Inside, this car was Spartan almost to a fault, even when compared to the others in this group, but the seats felt good and the ergonomics (if you can use that word when discussing roadsters from this era) were decent. Everything fell pretty much to hand and made sense.

The TR3 is a real sports car, and for this reason many found their way into competition. While the design is not sophisticated by any means—there are A-arms and coil springs up front and a live axle with leaf springs and lever shocks at the rear—the TR's suspension works at the most basic of levels. This was quickly apparent on our autocross course, where Reeve's car turned in well and was easy to fling around the cones.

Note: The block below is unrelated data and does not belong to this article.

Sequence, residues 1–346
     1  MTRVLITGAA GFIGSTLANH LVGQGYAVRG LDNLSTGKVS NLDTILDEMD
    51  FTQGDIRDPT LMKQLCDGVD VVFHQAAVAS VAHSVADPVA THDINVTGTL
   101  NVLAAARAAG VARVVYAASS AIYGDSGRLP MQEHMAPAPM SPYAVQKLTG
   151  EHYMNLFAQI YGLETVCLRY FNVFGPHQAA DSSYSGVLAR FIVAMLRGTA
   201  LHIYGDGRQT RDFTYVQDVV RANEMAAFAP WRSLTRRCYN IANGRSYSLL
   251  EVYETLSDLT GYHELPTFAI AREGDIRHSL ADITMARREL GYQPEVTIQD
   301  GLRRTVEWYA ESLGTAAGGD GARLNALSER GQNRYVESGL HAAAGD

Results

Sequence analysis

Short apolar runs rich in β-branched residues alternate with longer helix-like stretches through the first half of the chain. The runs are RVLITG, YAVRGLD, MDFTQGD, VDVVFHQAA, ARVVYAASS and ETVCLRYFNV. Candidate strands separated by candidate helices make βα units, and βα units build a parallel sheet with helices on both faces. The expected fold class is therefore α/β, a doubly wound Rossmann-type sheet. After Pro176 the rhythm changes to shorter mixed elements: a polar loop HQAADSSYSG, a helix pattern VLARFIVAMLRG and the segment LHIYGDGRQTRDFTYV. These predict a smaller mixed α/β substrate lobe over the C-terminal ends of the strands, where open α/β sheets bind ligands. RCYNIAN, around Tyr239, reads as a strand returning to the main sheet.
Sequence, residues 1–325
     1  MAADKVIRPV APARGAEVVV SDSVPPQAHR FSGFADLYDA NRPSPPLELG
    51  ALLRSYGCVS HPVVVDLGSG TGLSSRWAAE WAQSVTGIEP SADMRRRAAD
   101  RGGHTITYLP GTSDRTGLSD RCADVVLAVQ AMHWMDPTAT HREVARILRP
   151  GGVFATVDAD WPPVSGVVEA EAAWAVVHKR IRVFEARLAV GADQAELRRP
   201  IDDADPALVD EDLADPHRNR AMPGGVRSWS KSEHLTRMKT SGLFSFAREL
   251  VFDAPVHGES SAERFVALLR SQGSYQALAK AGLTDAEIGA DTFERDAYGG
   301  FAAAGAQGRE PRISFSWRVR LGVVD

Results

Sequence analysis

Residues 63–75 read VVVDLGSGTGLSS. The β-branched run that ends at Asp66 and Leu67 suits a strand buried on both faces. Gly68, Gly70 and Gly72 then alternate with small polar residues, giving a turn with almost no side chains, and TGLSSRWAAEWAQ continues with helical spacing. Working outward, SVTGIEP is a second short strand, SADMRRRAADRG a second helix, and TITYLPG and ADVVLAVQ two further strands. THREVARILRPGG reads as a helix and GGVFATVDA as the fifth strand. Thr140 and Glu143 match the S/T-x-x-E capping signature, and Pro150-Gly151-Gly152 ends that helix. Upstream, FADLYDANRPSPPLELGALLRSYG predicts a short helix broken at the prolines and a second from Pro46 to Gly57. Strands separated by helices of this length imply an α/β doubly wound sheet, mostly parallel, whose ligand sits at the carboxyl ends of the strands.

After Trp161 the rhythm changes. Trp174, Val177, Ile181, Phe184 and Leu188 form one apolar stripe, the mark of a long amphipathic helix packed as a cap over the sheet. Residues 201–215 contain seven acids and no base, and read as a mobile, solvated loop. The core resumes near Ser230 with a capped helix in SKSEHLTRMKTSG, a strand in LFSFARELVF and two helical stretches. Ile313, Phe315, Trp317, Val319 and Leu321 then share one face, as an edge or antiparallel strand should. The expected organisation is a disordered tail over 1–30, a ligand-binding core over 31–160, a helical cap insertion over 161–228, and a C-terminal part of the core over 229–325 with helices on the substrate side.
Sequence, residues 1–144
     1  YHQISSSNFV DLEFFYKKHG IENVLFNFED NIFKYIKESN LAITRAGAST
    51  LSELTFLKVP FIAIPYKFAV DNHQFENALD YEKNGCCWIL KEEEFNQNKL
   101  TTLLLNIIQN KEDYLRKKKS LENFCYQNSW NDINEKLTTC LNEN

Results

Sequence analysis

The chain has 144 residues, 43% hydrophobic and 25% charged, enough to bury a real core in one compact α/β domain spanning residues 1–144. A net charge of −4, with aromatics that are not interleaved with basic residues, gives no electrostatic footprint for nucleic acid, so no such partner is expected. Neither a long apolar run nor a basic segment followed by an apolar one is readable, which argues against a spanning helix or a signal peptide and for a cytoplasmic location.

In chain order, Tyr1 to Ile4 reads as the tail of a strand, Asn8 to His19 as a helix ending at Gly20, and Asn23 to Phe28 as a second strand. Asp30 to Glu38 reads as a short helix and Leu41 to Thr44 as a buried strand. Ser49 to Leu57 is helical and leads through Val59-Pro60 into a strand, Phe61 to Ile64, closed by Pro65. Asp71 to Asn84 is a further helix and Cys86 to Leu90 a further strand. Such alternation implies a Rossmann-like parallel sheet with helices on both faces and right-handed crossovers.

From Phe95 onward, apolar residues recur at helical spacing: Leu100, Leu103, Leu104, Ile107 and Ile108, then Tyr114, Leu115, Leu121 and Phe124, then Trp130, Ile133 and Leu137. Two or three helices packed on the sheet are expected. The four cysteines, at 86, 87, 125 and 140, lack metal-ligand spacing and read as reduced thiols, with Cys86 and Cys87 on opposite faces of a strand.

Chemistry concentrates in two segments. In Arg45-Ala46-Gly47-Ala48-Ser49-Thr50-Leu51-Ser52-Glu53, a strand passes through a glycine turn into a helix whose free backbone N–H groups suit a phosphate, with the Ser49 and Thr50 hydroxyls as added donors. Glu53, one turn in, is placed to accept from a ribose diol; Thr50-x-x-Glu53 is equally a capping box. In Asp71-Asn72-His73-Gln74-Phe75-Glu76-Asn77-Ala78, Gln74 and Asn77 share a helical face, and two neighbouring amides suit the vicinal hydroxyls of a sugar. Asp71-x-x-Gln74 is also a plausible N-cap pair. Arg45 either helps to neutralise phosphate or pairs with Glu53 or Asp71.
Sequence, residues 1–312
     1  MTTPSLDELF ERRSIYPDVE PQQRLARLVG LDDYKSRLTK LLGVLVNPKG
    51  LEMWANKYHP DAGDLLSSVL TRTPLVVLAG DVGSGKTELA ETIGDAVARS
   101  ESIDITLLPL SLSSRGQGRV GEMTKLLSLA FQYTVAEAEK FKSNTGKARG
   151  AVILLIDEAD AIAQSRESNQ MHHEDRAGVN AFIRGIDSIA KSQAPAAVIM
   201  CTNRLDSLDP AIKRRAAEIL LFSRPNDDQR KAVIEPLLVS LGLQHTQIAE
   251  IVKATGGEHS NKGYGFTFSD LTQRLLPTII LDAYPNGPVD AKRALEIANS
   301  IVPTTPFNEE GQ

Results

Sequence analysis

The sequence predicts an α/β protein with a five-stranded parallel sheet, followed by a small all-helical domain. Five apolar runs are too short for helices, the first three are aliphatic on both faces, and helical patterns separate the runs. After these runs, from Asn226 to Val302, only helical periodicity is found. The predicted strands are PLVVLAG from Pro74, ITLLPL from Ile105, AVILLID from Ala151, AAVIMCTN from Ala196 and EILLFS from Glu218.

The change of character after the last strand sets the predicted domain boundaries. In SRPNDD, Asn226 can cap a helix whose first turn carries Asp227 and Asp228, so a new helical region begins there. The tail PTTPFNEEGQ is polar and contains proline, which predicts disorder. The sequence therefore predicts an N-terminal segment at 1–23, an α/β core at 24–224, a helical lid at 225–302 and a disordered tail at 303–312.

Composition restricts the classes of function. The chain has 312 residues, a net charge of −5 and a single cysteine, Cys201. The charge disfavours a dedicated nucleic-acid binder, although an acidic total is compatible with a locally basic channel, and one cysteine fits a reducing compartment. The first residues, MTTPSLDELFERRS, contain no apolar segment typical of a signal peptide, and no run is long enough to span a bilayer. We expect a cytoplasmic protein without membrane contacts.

Despite its smallish engine—only a 1991cc inline four—the TR3 had loads of torque and power coming out of the hole. The steering was direct and communicative, putting it among the best in this group.

Out on the road, the TR3 continued to surprise us. Although the model is known for its rock-hard ride and rattle-prone body (thanks to its frame construction), the TR was actually tight and road worthy. We'd even dare to say that subsequent Triumph TR models we've sampled from the late '60s and into the '70s didn't seem as tight as the early car we had at VIR.

We came away from our time with the TR3 with a newfound respect. There is a reason Triumph sold so many of these cars and a great legend was born. Since getting his own TR3, Reeve has been enjoying bombing down back roads and enjoying some wind in his face. If only the chassis wasn't so flexible, he says, it would be perfect.

Triumph TR3: British Bulldog That Doesn’t Bite

Value today: $16,000-$30,000